On 29 July Karl pawns his watch and buys another pistol. With both pistols and a supply of gunpowder he climbs to the Rauhenstein ruins in Baden - where he had so often climbed with his uncle - loads both guns and puts the first to his head. He misses. With the other he grazes his temple.
When he is found, he asks to be taken to his mother's house. The combination of the attempted suicide and Karl's return to his mother devastates Beethoven. It is fair to say he never truly recovers from the shock."

http://www.madaboutbeethoven.com/pages/people_and_places/people_family/biog_karl_nephew.htm
--------------
*In 1826, LvB wrote "Muss es sein? Es muss sein" on the last movement of op 135; interpretations differ, but he was only a year away from death.

Post by tream August 10, 2005 (8 of 12)
Beagle said:

LvB worked on opp 130 and 133 during 1825-26. This is the period during which his forced relationship with his nephew Karl reached a lethal crisis. I regret implying that LvB contemplated his OWN morbidity -- that's conjecture* -- but it seems safe to say that he was in real depths of despair. I have added a footnote to the review.

QUOTE:
"Karl lived unhappily with his uncle for a time before becoming a student of philology at the University of Vienna in 1824. Shortly after, he informed his uncle of his intention to pursue a military career - which sent Beethoven into paroxysms of rage.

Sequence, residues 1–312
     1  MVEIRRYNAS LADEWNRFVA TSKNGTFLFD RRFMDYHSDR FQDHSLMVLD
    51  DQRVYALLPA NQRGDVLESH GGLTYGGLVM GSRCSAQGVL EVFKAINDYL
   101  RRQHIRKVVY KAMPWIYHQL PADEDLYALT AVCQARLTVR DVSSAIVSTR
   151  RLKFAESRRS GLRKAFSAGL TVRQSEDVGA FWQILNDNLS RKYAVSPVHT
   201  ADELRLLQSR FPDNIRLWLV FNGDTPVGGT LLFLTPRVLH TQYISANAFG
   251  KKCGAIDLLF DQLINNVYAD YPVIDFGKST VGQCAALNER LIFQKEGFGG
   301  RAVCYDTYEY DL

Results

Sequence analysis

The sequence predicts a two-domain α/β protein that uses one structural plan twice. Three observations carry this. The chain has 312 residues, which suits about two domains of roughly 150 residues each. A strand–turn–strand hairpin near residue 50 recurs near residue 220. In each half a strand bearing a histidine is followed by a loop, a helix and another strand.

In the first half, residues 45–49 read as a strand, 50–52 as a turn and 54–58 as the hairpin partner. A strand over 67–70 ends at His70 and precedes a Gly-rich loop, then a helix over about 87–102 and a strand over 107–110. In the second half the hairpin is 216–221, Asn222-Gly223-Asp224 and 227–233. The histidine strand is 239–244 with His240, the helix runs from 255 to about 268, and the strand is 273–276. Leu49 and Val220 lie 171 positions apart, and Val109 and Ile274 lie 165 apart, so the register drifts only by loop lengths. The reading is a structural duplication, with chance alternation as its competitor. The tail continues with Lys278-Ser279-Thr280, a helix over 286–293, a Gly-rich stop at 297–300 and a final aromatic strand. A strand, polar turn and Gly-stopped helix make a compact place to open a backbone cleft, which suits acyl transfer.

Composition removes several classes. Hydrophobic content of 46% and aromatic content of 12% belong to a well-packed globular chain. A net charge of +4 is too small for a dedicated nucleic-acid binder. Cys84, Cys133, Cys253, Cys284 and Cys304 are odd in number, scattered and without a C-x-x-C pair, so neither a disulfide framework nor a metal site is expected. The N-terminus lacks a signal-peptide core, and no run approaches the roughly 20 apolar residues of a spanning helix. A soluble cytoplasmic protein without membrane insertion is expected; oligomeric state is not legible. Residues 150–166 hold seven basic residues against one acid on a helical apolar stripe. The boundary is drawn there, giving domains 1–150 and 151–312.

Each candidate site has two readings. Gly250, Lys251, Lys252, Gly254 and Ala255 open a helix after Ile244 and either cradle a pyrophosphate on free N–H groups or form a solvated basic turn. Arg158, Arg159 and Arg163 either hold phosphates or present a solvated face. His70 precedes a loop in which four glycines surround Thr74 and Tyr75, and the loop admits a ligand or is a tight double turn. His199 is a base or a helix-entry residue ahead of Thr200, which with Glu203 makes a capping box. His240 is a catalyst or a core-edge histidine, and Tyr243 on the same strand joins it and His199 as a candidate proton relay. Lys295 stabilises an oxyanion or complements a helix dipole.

In July 1826, in a state of supreme emotional turmoil, Karl buys a pistol with the intention of committing suicide. His landlord finds out and alerts Beethoven.
On 29 July Karl pawns his watch and buys another pistol. With both pistols and a supply of gunpowder he climbs to the Rauhenstein ruins in Baden - where he had so often climbed with his uncle - loads both guns and puts the first to his head. He misses. With the other he grazes his temple.
When he is found, he asks to be taken to his mother's house. The combination of the attempted suicide and Karl's return to his mother devastates Beethoven. It is fair to say he never truly recovers from the shock."

http://www.madaboutbeethoven.com/pages/people_and_places/people_family/biog_karl_nephew.htm
--------------
*In 1826, LvB wrote "Muss es sein? Es muss sein" on the last movement of op 135; interpretations differ, but he was only a year away from death.

He was in despair knowing that the Lindsays would one day be playing his music, and there was nothing he could do about it. OK, that's a cheap shot, and I apologize, but couldn't resist. The Lindsays do inspire controversy in a way that other quartets don't.